Duolingo rejects "found out" for this one, which I reported.
More importantly, I think this is the conjectural future and the sentence actually means "I guess I have found out the same thing."
I had thought that the conjectural future didn't work with first-person, but obviously it can.
For a context, I could see something like this:
A: So she cheated on you too? B: (nods) A: I knew she was a cheat the first time I saw her. B: I guess I've learned the same thing.
I appreciate Italians using this (correct) structure but it is totally awkward in English. Preferring I should have, would have or "By (this time) I should have or I will be able to is not nearly as awkward sounding. Just think , since this future past (whatever the tense is) is so awkward and rarely used in English, that exercises are formulated without regard to unique situations where it should be used.
YES! Since English does not even have an imperfect tense, (or some of the others) we can never correctly translate it. It's a 'Best Guess'!! That's why it sounds so awkward. You need to know how DUOlingo wants it translated to 'pass' the section, but for your own learning, just know what it is intended to mean. Sometimes DUOlingo makes it more complex than it needs to be, just to make sure that you know which tense they want it translated into. In 'Real Life' you'll be translating it in your head to/from a simpler English structure.
The imperfect is not a "tense"; it is an aspect. And while English can use simple past forms in an imperfective sense ("In the late summer of that year we lived in a house..."), one can also say "we were V...ing." And even though languages vary in their forms, it's not true that this makes "correct" translation impossible. I know, because I'm a translator.
Sapere = to know a fact. It also has other meanings rendered in English using other verbs as here. We would say "I will have found out" or " I will have learned". Here sapere is used in the sense of acquiring the knowledge of something. It can also mean to be able "So cantare" = I can / I know how to sing. I think this is a good example of how word for word translation does not always convey the same meaning between languages.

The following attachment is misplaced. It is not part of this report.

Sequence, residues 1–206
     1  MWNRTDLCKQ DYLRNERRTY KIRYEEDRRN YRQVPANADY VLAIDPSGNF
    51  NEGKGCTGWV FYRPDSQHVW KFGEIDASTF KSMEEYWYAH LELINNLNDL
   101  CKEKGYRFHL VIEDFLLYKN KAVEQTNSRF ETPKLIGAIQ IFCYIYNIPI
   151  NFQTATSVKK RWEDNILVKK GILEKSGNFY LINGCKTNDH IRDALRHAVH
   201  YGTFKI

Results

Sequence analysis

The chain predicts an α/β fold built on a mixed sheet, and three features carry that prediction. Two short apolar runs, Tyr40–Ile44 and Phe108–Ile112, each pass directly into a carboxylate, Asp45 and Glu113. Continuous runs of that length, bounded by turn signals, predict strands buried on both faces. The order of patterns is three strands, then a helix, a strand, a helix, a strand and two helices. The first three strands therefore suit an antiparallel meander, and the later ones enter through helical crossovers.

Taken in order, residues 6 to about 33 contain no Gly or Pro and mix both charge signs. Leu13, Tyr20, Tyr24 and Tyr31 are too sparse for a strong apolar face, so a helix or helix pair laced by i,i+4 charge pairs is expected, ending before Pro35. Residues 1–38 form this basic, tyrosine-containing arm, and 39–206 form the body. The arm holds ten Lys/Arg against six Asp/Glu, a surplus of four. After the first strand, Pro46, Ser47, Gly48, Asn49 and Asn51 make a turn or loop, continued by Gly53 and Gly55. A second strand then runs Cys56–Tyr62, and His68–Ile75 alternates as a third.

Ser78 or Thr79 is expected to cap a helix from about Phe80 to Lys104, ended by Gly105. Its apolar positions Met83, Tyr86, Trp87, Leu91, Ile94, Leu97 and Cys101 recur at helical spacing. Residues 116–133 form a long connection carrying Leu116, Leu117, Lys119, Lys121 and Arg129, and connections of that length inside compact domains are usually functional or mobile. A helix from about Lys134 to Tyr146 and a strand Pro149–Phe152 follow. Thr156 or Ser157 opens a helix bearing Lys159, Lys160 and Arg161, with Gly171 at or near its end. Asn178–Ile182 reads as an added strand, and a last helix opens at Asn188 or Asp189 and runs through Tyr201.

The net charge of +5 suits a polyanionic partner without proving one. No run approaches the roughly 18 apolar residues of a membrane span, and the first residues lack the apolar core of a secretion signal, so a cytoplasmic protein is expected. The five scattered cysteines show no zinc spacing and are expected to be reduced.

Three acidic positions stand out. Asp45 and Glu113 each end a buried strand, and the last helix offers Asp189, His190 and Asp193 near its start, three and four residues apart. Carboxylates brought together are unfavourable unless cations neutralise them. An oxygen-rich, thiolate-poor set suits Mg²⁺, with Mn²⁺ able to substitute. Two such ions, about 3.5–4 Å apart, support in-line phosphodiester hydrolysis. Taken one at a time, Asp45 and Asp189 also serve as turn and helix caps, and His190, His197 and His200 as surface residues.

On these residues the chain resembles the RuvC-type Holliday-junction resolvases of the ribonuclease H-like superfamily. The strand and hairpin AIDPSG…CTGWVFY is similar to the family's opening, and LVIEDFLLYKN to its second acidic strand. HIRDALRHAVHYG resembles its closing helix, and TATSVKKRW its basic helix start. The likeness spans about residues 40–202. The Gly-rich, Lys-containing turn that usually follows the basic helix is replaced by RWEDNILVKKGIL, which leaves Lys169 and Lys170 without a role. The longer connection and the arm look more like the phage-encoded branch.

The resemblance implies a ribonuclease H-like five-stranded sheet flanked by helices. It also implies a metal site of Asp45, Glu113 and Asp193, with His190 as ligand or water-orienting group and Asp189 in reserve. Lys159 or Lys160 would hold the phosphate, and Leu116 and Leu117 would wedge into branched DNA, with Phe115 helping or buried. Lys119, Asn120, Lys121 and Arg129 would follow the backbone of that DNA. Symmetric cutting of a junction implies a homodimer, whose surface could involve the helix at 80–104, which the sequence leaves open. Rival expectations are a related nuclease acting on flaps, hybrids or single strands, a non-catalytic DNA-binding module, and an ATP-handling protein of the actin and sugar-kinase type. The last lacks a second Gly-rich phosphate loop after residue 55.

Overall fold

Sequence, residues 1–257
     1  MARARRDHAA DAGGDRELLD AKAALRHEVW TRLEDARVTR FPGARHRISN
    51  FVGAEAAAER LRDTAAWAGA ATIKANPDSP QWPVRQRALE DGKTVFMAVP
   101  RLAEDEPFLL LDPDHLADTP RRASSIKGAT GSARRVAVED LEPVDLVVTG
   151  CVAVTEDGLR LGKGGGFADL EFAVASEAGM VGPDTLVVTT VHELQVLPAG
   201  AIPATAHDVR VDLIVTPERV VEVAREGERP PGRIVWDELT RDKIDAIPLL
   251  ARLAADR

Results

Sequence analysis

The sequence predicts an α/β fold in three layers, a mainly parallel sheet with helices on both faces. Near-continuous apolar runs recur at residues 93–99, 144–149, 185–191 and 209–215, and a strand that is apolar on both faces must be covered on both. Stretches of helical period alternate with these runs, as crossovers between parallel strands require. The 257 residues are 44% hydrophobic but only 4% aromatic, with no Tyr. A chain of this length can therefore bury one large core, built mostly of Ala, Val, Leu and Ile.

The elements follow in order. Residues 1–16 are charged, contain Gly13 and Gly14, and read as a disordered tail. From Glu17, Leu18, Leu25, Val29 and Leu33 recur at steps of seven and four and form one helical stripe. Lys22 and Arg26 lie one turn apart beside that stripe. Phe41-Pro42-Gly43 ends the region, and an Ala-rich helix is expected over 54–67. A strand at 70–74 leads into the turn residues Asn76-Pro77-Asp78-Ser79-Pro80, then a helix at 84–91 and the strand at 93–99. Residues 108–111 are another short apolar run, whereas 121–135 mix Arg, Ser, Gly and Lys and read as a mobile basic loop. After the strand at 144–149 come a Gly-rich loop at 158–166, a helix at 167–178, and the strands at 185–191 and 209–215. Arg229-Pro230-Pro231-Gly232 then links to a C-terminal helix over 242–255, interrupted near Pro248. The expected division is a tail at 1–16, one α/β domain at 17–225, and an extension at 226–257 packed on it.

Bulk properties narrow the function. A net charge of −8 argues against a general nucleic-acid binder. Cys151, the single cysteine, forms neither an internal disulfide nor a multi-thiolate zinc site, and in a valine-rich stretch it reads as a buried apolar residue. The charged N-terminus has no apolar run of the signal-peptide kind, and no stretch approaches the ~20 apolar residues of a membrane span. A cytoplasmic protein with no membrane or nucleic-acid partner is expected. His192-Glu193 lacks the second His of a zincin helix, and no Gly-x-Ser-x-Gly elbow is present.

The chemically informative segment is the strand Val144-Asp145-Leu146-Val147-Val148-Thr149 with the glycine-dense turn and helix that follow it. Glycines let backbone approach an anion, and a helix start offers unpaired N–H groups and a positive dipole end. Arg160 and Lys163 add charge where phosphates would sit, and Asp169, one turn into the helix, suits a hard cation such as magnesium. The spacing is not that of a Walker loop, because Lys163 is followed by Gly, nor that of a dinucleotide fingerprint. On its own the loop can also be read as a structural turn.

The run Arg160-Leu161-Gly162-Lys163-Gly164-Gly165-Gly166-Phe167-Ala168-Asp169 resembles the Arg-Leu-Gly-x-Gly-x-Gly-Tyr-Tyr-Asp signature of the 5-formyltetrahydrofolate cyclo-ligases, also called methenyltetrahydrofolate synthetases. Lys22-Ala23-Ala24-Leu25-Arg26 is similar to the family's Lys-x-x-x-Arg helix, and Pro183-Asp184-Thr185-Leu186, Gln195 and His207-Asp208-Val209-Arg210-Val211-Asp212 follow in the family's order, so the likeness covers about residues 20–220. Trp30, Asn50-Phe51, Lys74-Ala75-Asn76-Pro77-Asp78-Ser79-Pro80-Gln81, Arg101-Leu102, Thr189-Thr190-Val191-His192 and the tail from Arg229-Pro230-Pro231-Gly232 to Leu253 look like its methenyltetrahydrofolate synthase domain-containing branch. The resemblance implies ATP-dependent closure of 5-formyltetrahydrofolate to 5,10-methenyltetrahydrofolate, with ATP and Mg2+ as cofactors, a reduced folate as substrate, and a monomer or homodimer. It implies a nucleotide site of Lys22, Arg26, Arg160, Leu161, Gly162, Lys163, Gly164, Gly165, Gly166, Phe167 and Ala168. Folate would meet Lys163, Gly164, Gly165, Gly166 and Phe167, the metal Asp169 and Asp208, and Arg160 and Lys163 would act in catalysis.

In many languages, verbs roughly meaning 'know' are semantically tricky. Do they mean 'understand' as a state or 'come to know' as a process? In French "je savais" means 'I knew' (was in a state of knowing'), whereas "j'ai su" means 'I learned, came to know') In Italian, it must be much the same. In Japanese, shitte imasu means 'I am in the condition of knowing', whereas (less common) shirimashita means 'I have come/came to understand'. Italian conoscere is originally an inchoative form ('begin to...'), cf. Latin cognoscere, whose past form is simply cognovi 'I knew'.
For the benefit of French-speaking, Italian-learning users:
(FR) Elle ne s'est pas noyée, elle aura su nager.
(clumsy italian, is this correct?) Non si è affogata, avrà saputo nuotare.
(ENG literally) She didn't drown (herself), she will have known how to swim.
(ENG) She didn't drown, she must have known how to swim
So if the italian future tense doesn't make sense, replace will with must, and it might just work. I am so confused, I can't even tell if the English is correct, I'm pretty sure the italian is not.
So WHY do Italians not simply use imparato in everyday conversations instead of special meaning or application of "sapere" for definition or rule # 3,428? I appreciate slang in every culture for "this is the way we express these thoughts or actions" but it makes it so much more difficult to learn "Uh OH! it means this when used with......"
It is bad enough that rules like pensare : its conjugations require " a " when it is "think of" but "di" when it means "plan for" when followed by an infinitive. Understand the usefulness of that rule. But here "imparato" means what it says.
I realize your paragraph is simply a rant because you are frustrated... It actually gets harder before it get easier. Thoughts and emotions have a lot of importance in Italian, so they have a lot of different ways to describe them. To put it in context, Eskimos have 200 different words for snow. It's just part of their language. You will be able to be understood..